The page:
“Blinded By The Light” Of The Dark Night

It sounds like something Darth Vader should be introducing…(cue the mechanical heaving breathing)…”The Dark Night of the Soul!” Perfect for Halloween.

Stella luce astro spazio sole illuminare

Many of us have heard something or other about this strange phenomenon made famous by St. John of the Cross. It’s the feeling of total abandonment by God experienced by a person in the higher stages of the spiritual life as they transition from the second to the third stage of the spiritual life – the Illuminative to the Unitive way.

God’s not really gone, but in this temporary transition you don’t feel his presence anymore…at all.

(If this is gobbledygook to you, no worries. I wrote a very easy to read
book which spends a couple chapters describing all of this. It’s called, “Prayer Works: Getting a Grip on Catholic Spirituality.”)T1586_300

The spiritual writers make it clear the transition not easy. It’s a purgation that requires abandonment to our Lord. And sometimes John’s language of a “Dark Night” scares people to death (with good reason).

While some spiritual writers see spiritual growth as movement toward “light”, (which sounds much more pleasant), John of the Cross seems to echo St. Gregory of Nyssa. Both spiritual masters describe the soul’s move toward God as a progression from light to darkness.

Huh?

What they mean is that we move from the world of natural sense perception into the supernatural world that is beyond our senses. It’s a hidden world that Gregory elsewhere calls the “luminous darkness” (Commentary on the Canticle of Canticles).

A “luminous darkness”? Isn’t that a contradiction?

Gregory’s point is that the darkness and light we encounter in spiritual growth is relative. What appears to be light when we first arrive becomes dark if we linger too long. This urges us on toward the perfect luminescence of God.

Similarly, “Dark Night” is what high brow spiritual theologians call an “antithetical term.”  What may appear or feel like “darkness” is actually the “inaccessible light” of God. We are, in a sense, blinded into darkness by His super-abundant luminosity.

In other words, it’s not easy, but there’s no reason to be afraid of the dark.

God bless and keep growing!

Matthew

P.S. Don’t forget to grab your FREE copy of my quick guide to deeper prayer 8 Ways To Jumpstart Your Prayer Life! It’s an easy step-by-step guide to help you rocket to God!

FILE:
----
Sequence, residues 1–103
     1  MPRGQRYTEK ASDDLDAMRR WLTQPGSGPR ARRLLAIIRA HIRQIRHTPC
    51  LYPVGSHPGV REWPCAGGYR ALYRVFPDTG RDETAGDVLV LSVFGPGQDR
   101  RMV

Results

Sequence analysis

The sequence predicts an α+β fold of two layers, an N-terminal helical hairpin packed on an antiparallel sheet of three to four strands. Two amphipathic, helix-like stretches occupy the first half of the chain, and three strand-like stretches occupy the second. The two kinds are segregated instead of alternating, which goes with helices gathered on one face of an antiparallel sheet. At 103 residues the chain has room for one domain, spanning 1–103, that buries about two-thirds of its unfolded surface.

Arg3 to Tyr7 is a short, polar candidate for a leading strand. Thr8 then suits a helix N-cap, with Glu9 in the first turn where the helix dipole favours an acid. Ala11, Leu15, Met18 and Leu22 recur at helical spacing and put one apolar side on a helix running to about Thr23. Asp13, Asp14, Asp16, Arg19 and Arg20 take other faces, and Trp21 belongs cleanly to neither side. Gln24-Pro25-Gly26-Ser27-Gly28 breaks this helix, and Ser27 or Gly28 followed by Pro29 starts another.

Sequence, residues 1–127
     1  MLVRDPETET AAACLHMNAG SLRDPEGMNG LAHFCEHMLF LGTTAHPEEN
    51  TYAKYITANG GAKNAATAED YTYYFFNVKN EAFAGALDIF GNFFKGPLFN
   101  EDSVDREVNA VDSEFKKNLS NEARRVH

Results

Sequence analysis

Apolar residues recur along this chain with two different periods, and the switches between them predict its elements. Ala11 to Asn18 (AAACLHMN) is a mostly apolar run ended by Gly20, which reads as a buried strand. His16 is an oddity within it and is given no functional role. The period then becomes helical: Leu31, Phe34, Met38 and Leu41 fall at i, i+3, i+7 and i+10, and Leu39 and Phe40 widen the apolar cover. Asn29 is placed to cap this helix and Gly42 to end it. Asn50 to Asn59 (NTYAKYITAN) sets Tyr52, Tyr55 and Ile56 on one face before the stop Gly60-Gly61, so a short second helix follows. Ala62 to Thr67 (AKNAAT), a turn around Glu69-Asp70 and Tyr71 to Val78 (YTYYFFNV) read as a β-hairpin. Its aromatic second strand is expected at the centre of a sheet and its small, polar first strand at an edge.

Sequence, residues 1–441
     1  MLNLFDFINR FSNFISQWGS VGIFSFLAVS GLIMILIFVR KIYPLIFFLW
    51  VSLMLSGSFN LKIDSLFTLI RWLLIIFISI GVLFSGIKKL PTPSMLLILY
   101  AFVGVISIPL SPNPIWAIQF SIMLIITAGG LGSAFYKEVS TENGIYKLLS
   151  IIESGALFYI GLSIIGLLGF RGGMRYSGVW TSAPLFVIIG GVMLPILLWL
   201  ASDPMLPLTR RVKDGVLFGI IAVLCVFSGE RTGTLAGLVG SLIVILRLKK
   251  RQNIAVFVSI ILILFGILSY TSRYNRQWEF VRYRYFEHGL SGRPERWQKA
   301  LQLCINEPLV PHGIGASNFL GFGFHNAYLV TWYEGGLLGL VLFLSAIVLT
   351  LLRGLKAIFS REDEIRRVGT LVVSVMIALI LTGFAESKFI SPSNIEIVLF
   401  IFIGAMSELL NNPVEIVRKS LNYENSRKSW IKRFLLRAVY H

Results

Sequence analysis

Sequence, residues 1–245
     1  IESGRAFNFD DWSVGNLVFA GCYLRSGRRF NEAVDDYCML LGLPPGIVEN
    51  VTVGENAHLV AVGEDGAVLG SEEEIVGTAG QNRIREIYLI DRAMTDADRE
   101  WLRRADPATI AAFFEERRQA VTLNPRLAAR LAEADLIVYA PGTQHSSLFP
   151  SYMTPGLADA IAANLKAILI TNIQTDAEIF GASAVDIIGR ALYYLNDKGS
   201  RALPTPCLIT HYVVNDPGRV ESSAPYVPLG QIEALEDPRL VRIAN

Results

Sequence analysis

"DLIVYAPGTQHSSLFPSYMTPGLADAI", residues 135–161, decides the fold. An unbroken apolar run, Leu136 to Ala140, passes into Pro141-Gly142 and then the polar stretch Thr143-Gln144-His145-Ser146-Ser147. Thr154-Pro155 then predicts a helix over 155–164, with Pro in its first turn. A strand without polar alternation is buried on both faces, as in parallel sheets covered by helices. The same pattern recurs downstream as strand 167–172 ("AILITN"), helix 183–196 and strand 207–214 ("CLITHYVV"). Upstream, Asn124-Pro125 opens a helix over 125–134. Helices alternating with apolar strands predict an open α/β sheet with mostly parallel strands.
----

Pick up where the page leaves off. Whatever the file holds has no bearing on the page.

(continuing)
8 Ways To Jumpstart Your Prayer Life Cover Image

 

 

 

 

017: The Bible and the Church Fathers

catholic_FINAL_150We all want to know where we come from. What are our biological roots? Who are we related to? People spend a lot of money every year tracing their family tree (hoping it forks!).

As Christians, we should desire to know our family tree, too. Like in our natural families, we should want to know who has gone before us in the Faith and what they believed. We should want to know our history.

Now’s our chance.

In this Art of Catholic episode, I’m featuring the first half of Lesson One of The Bible and the Church Fathers. This study is part of the St. Paul Center for Biblical Theology’s Journey Through Scripture Bible study program…and you’re going to love it. It’s a great primer on the men upon whose shoulders we stand.

I’ve been presenting Journey Through Scripture all over the country (and world) for more than eight years. While I wrote the study, much of it is based upon Mike Aquilina’s book 51S4+GkQ1tL._SL250_The Fathers of the Church (3rd edition).

As I mentioned, what you’re about to hear is part 1 of Lesson One, which is titled Introduction to the Fathers. In my next episode, I’ll have part 2.

For now, pour yourself a nice tall cup of coffee, sit back, and enjoy…

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Why Fast & Furious Loses The Spiritual Race

Fast cars. Fast cash. Fast food. Everybody wants things fast. But in the spiritual life, that’s the fastest way to crash and burn.

speeding car disintegrating

When becoming serious about spiritual growth, many beginners forget that conforming one’s life to Christ is a lifetime project. Sin cannot be overcome through one fervent reception of the Eucharist, one excruciating confession, or even one 2am trip to the adoration chapel.

The spiritual life is a marathon.

In his classic work Introduction to the Devout Life, St. Francis de Sales says that “purgation and healing, whether body or of soul, takes place only little by little and by passing from one advance to another with difficulty and patience” (Part One Section 5). Even the winged angels on Jacob’s ladder “did not fly but went up and down in order and step by step.”

Just like a person recovering from a natural illness, it takes time to overcome spiritual sickness and restore health.

This is why perseverance and patience are so necessary. Too many of us get down on ourselves for not improving rapidly. We’re so geared for immediate results, that we forget the spiritual life is all about undoing the evil that has been festering for millennia.

And we’re not just fighting ourselves.

We’re fighting against “the principalities, against the powers, against the world rulers of this present darkness, against the spiritual hosts of wickedness in the heavenly places,” says St. Paul (Eph 6:12). It’s a war in which every inch of territory of our lives we retake from the Evil One takes blood, sweat, tears, and a truckload of time and grace.

Don’t give up just because you don’t see immediate change. Don’t get discouraged because you sometimes fall. Just as in the natural life, growth takes time. Slow and steady wins the spiritual race.

God bless!

Matthew

P.S. Don’t forget to grab your FREE copy of my quick guide to deeper prayer 8 Ways To Jumpstart Your Prayer Life! It’s an easy step-by-step guide to help you rocket to God!

8 Ways To Jumpstart Your Prayer Life Cover Image